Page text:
They made the Ultimate Sacrifice
TANZEY, Daniel, OS, P/JX 358923, RN, MPK - 22 Feb 1943, HMCS WEYBURN - Son of John and Mary Elizabeth Tanzey, of Birkenhead, Cheshire.
Remembering Danny Tanzey: My father's elder brother, Daniel Tanzey (but known to everyone as Danny) lied about his age to join the Royal Navy. He was the eldest of 5. The story my father told me was that, after completing his training, he was waiting for a berth; apparently it was a sort of queue - something the British excel at! When it was his turn, it was HMCS WEYBURN. Next in the "queue" were 2 Canadian sailors and they apparently offered Danny a months wages if he would let one of them take the berth, but Danny refused. Obviously, the veracity of this is impossible to ascertain, but it would be reasonable for a man to want to serve in one of his own country's ships. In any event, Danny served on WEYBURN and the rest, as they say, is history. I was named for Danny and I have always tried to live as I hope he would have lived and respected the decisions he made.
(DT01) Portrait of Daniel Tanzey
(DT02) Daniel Tanzey's medals
(DT03) Newspaper article on the sinking of HMCS WEYBURN and the loss of 7 of her crew; and an article on the Royal Navy doctor who treated WEYBURN'S casualties while he himself had two broken legs.
(DT4) London Gazette issue that lists OS Tanzey as Mentioned in Despatches (posthumous)
(DT05-DT08) A personal letter from Lt Patrick S. Milsom to Danial Tanzey's mother detailing her son's actions that saved many of his shipmates, but cost him his life.
Courtesy of Danny Tanzey, nephew of Daniel Tanzey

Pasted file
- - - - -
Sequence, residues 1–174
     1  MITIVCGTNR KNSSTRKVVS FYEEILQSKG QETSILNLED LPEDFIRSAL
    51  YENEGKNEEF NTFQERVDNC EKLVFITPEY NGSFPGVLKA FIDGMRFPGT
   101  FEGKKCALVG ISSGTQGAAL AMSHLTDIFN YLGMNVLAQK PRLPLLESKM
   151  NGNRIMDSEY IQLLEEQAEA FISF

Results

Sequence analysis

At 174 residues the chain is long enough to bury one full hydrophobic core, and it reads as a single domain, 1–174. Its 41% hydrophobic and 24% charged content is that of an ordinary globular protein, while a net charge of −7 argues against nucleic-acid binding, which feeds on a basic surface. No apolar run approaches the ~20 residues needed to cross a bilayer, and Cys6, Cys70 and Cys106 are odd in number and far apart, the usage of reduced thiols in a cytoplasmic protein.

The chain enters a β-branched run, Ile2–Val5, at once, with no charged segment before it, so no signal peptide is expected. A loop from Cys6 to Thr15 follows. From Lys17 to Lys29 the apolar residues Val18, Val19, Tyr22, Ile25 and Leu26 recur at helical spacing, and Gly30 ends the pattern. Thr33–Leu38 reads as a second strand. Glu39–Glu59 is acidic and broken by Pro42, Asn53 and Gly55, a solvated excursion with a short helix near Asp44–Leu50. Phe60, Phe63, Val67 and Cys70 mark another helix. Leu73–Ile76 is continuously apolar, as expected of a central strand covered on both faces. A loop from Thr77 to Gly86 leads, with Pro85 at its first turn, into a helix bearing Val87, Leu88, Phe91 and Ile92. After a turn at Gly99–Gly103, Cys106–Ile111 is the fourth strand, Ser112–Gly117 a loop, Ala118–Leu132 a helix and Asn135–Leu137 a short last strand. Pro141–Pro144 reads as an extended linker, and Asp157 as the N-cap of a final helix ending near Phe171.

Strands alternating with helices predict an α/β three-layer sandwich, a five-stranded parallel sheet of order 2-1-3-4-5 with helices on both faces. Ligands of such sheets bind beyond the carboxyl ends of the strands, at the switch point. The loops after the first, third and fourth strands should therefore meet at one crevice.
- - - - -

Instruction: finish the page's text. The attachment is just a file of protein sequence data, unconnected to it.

Transcription of the letter from Lt Milsom to Mrs. Tanzey
C/O F.M.O Halifax N.S, April 1943
Dear Mrs Tanzey,
It is with mixed feelings of regret and pride that I write this - "regret" that your son was lost in the sinking of our ship, yet pride for the gallant manner in which he gave his life while working for the safety of others. I know that official admiralty announcements of casualties are brief and without detail. I felt, therefore, that you might be interested in what I could tell you.
You son joined us at Liverpool October last and was a well-mannered, reliable shipmate during our entire participation in the North African Naval campaign. In numerous air and submarine attack he performed his duties splendidly.
It was during our return voyage to England that we were sunk with the loss of our commanding officer & many of the ships company. As perhaps you may have read, when a naval ship goes down it's depth charges sometimes explode, claiming the lives of many survivors swimming in the water nearby.
Weyburn did not go under for nearly 15 minutes & in this time your son and I worked at top speed to make our depth charges safe. When this was done we abandoned - just at(sic) Weyburn slid under. There was a frightful explosion, caused, it is presumed by a mine. This shock took the lives of many men in the water about me, among them, I fear, your son. By some unexplainable chance I survived. It may ease your thoughts to know the end came instantly & without warning or pain.
Had your son abandoned when the order was given he would undoubtedly have been rescued. As it was he remained to secure the safety of his shipmates. He volunteered.
It is sad though inevitable that when ships go down some of us must go too. I share with you deep sorrow although I am proud that it was my privilege to serve with so gallant a shipmate - and above all, an Englishman.
P.S. Milsom Lieut. R.C.N.V.R.
Ships served in: